Clausewitz And Chaos

Clausewitz And Chaos

by Stephen J. Cimbala
     
 

ISBN-10: 0275969517

ISBN-13: 9780275969516

Pub. Date: 11/30/2000

Publisher: ABC-CLIO, Incorporated

The great Prussian military theorist Carl von Clausewitz, in his classic On War, introduced the idea of friction in war. Friction was one of the most important ideas that Clausewitz put forward. His application of the term is generally taken to be limited to events on the field of battle. But had Clausewitz lived to the end of the 20th century, he

Overview

The great Prussian military theorist Carl von Clausewitz, in his classic On War, introduced the idea of friction in war. Friction was one of the most important ideas that Clausewitz put forward. His application of the term is generally taken to be limited to events on the field of battle. But had Clausewitz lived to the end of the 20th century, he undoubtedly would have broadened his understanding of friction to include the nexus between war and policy making. He would have done so because his most fundamental insight, apart from the significance of friction in war, was his insistence upon the priority of policy over war.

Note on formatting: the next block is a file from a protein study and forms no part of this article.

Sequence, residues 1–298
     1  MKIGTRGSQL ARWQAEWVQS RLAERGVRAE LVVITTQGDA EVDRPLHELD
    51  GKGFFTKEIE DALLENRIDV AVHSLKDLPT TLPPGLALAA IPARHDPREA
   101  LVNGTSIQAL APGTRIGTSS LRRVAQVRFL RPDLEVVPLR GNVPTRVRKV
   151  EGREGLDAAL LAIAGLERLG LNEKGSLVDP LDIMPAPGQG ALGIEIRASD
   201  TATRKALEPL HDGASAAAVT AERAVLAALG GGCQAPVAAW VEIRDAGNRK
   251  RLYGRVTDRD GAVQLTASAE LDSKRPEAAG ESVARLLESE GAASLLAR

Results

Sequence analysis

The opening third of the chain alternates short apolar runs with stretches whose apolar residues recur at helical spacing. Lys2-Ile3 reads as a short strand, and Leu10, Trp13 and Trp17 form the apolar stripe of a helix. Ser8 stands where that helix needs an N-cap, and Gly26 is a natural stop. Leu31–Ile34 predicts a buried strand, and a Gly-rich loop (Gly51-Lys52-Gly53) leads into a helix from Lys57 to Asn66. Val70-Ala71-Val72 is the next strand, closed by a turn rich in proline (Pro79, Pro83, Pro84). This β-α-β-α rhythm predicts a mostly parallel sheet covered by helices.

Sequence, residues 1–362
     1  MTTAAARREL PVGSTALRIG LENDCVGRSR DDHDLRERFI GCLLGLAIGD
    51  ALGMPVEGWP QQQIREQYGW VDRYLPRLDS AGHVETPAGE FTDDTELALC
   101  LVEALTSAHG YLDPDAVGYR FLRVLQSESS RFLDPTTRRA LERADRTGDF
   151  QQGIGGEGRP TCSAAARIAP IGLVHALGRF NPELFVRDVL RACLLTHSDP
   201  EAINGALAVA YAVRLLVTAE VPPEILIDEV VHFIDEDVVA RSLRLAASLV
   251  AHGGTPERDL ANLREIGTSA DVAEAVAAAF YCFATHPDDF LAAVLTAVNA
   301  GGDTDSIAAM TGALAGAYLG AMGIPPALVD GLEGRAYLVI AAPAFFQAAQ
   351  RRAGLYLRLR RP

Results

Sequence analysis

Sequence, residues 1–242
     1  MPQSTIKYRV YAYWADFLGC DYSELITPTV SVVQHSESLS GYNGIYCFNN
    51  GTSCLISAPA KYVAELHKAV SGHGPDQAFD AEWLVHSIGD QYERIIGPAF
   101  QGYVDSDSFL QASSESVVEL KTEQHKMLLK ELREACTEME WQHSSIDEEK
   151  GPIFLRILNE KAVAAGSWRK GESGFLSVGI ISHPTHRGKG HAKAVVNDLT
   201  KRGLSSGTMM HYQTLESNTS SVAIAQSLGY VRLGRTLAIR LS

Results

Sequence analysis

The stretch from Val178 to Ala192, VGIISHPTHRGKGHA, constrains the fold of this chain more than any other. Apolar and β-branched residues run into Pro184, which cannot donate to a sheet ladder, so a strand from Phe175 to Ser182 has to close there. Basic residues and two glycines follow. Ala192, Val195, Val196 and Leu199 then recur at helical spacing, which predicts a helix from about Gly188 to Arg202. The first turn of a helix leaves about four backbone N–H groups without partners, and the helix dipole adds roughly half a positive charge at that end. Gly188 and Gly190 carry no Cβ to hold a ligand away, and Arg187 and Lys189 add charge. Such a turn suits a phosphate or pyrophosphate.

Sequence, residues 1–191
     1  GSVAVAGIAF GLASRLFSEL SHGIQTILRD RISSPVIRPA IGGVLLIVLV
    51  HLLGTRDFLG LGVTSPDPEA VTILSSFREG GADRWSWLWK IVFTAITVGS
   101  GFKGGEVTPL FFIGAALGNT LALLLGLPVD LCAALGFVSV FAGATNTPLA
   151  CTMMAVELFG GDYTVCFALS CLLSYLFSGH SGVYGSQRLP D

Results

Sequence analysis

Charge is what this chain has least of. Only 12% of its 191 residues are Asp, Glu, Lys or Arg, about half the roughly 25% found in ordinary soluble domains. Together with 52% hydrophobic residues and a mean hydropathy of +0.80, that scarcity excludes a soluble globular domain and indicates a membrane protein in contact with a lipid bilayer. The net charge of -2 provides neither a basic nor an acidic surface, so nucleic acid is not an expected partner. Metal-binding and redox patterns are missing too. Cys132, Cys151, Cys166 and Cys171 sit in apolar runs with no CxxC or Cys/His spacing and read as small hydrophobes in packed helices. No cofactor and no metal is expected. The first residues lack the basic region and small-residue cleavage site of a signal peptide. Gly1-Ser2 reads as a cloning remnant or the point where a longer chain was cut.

Cimbala applies the concept of friction to a number of 20th century cases of war and policy making. He also applies it to some plausible scenarios for the next century. Although many U.S. military planners and policy makers appear to place their faith in technology as the sine qua non of success in security and defense policy, technology can be self defeating and myopic if political and strategic vision are lacking. For example, the mindless pursuit of information warfare in all its varieties may convince potential U.S. opponents that infowar is a cost effective way of negating U.S. military power. A provocative analysis for scholars, students, military professionals and other policy makers involved with strategy and military policy issues.

Product Details

ISBN-13:
9780275969516
Publisher:
ABC-CLIO, Incorporated
Publication date:
11/30/2000
Pages:
242
Product dimensions:
6.14(w) x 9.21(h) x 0.56(d)

Table of Contents

Introduction

Case One: Friction in Irrelevant and Inflexible War Plans

Case Two: Friction in Nuclear Crisis Management

Case Three: Failure Amid Success: Desert Storm and Friction

Case Four: Small Wars, Faux Wars and Peace Operations: Sources of Friction

Case Five: Deterrence and Friction

Case Six: Mass Destruction and Information Warfare: Friction in Collision

Conclusion

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